- February 9, 2023
- Posted by: OptimizeIAS Team
- Category: DPN Topics
Section : Medieval History
- Salman Rushdie’s latest work, “Victory City” is a fictionalised telling of the story of Vijayanagara, one of the richest and most powerful kingdoms in mediaeval India.
About Vijayanagar Kingdom
- It was founded in 1336 by Harihara and Bukka (with the blessings of Guru Vidyaranya) of the Sangama dynasty who originally served under the Kakatiya rulers of Warangal.
- They later proclaimed their independence and founded a new city on the south bank of the Tungabhadra River named it “Vijayanagar” (City of Victory)
- Early Vijayanagar rulers were followers of Saivism. Virupaksha was their family God. Later they came under the influence of Vaishnavism. However, Siva continued to be worshipped.
- There was constant conflict between Vijayanagar Empire and Bahmani kingdom over Raichur doab (fertile region between Krishna and Tungabhadra), Tungabhadra doab (fertile areas of Krishna-Godavari delta) & Marathwada.
- In the south its main rivals were the Sultans of Madurai.
- The kingdom reached its peak under Krishna Deva Raya (reign 1509-1529), a period in which it enjoyed military superiority to its rival kingdoms such as the Bahmani Sultanate, the Golconda Sultanate and the Gajapatis of Odisha.
- During the reign of Rama Raya, the combined forces of Bijapur, Ahmednagar, Golkonda and Bidar defeated him at the Battle of Talaikotta in 1565 which marked an end of the Vijayanagar Empire.
- The last ruler of Vijayanagar was Sri Ranga III.
Dynasties of Vijayanagar Kingdom
- Sangama was the first dynasty to rule over the Vijaynagara empire. The founders of the empire, Harihar I and Bukka belonged to this dynasty. It ruled from 1334 AD to 1485 AD.
- Saluva dynasty, founded by Narasimha, succeeded Sangama dynasty as the second dynasty of the empire. It ruled from 1485 to 1505 AD. They ruled over almost the whole South India.
- Tuluva, founded by Vir Narsimha, was the third dynasty, which ruled Vijayanagar Empire. It ruled from Tuluva dynasty. The most famous king of Vijayanagar Empire, Krishna Deva Raya belonged to this dynasty. It ruled from 1491 AD to 1570 AD.
- Aravidu, founded by Tirumala, was the fourth and last Hindu dynasty to rule Vijayanagar kingdom in South India.
- The king enjoyed absolute authority in executive, judicial & legislative matters.
- The succession to the throne was hereditary.
- Administrative units divided as: Mandalams, Nadus, Sthalas and finally into Gramas.
- Mandaleshwar or Nayaka was the governor of Mandalam.
- He had considerable autonomy- had right to issue coins of small denominations & right to impose new tax or remit old one.
- Sources of income: land revenue, tributes, and gifts from vassals and feudal chiefs, customs at ports, & taxes on various professions.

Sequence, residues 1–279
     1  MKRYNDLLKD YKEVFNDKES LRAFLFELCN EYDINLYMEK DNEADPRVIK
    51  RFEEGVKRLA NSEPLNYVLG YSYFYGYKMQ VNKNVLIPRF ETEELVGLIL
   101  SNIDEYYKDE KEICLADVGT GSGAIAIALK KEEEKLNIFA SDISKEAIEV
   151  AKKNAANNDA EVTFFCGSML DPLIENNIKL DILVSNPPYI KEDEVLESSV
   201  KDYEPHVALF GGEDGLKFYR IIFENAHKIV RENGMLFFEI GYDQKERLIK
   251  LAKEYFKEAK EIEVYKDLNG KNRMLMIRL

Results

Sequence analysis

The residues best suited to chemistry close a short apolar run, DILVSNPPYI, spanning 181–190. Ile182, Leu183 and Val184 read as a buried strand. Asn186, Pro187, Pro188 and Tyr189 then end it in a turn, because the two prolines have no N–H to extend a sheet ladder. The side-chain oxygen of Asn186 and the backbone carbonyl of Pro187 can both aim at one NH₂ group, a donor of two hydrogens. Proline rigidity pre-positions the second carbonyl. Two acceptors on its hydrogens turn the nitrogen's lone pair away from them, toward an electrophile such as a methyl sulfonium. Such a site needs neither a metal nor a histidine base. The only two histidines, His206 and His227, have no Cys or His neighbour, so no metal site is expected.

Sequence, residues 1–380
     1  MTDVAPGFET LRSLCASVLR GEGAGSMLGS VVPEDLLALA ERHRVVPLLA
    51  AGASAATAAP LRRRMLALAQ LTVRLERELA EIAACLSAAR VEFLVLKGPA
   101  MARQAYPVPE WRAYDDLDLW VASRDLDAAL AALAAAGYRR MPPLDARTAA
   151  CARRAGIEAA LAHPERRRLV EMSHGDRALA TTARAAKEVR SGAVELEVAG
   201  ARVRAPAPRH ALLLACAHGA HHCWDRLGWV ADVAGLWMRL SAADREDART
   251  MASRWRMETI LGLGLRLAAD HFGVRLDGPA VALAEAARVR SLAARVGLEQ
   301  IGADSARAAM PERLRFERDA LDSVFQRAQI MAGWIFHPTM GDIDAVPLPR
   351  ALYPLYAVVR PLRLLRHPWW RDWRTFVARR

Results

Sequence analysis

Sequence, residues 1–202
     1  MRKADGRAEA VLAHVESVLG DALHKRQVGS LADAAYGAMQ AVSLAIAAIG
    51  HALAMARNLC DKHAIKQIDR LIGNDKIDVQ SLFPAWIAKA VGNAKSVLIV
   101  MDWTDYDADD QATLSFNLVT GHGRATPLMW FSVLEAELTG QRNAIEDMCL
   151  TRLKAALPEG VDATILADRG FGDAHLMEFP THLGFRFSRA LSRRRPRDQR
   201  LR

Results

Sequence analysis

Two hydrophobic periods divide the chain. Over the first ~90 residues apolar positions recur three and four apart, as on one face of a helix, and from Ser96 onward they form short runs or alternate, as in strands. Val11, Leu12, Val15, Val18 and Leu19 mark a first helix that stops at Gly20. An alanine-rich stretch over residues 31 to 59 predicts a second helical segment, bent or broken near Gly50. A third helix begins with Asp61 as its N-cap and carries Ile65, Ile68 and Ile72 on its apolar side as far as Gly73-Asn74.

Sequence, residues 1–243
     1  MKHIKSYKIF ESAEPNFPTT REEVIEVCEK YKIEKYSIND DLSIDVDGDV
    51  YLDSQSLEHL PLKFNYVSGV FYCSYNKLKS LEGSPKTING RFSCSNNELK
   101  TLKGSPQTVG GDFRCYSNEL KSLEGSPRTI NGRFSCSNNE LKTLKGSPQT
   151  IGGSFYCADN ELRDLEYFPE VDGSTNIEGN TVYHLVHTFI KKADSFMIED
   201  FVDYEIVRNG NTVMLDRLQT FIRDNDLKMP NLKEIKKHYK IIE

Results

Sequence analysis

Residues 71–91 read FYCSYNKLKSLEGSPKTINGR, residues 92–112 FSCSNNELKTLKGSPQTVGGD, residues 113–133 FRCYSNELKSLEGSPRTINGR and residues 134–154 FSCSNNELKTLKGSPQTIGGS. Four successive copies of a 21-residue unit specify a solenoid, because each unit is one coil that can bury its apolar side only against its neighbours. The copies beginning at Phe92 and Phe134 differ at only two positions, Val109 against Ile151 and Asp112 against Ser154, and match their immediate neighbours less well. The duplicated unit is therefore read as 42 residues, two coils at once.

- The army consisted of cavalry, infantry, artillery and elephants.
- Nayakar System – The top-grade officers of the army were known as Nayaks/Poligars.
- They were granted land in lieu of their services which were called
- Manyams were tax free lands.
- A body of 12 functionaries known as Ayangars, conducted village affairs.
- While the economy of the kingdom was largely dependent on agriculture, trade thrived in its many ports on either coast.
- Traveller Abd al-Razzaq Samarqandi chronicled how the ports of Mangalore, Honavar, Bhatkal, Barkur, Cochin, Cannanore, Machilipatnam, and Dharmadam saw traders from Africa, Arabia, Aden, the Red sea, China and Bengal and also served as ship building centres.
- The empire’s principal exports were pepper, ginger, cinnamon, cardamom, myrobalan, tamarind timber, anafistula, precious and semi-precious stones, pearls, musk, ambergris, rhubarb, aloe, cotton cloth and porcelain.
- Razzaq also chronicled the high degree of monetisation in the Vijayanagara kingdom. In his classic History of South India, K A NilakantaSastri wrote that coins were minted by the state as well as by merchant guilds using gold, silver, copper and brass, and their value depended on material weight.
Art and Cultural contributions
- Vijayanagara architecture is a vibrant combination and blossoming of the Chalukya, Hoysala, Pandya and Chola styles.
- The chief characteristics of the Vijayanagara architecture were the construction of tall Raya Gopurams or gateways and the Kalyanamandapam with carved pillars in the temple premises.
- The sculptures on the pillars were carved with distinctive features.
- The horse was the most common animal found in these pillars.
- The most important temples built: Vittalaswamy and Hazara Ramaswamy temples, the Stone chariot at Hampi.
- Vijayanagara’s capital Hampi is a UNESCO World Heritage Site today, known for its sophisticated fortifications as well as innumerable temples and other architectural marvels
- The Varadharaja and Ekamparanathatemples at Kanchipuram.
- Different languages such as Sanskrit, Telugu, Kannada and Tamil flourished in the regions.
- Vijayanagar has been remembered as an era of “cultural conservatism”, when classical forms of Hinduism were preserved amidst growing Islamization of the rest of the subcontinent, especially the North.
Foreign Travelers during the period
- Abu Abdullah/ lbnBatuta (Book:Rihla),Morocco – Harihara I
- Nicolo de Conti, Italy – Devaraya-II
- Abd al-Razzaq Samarqandi, Persia – Devaraya-II
- Athanasius Nikitin, Russia- Virupaksha Raya II
- Ludvico de Vorthema, Italy- Krishna Deva Raya
- Duarte Barbosa,Portugal – Krishna Deva Raya
- Dominigo Paes, Portugal – Krishna Deva Raya
- FernaoNuniz, Portugal – Achyuta Deva Raya.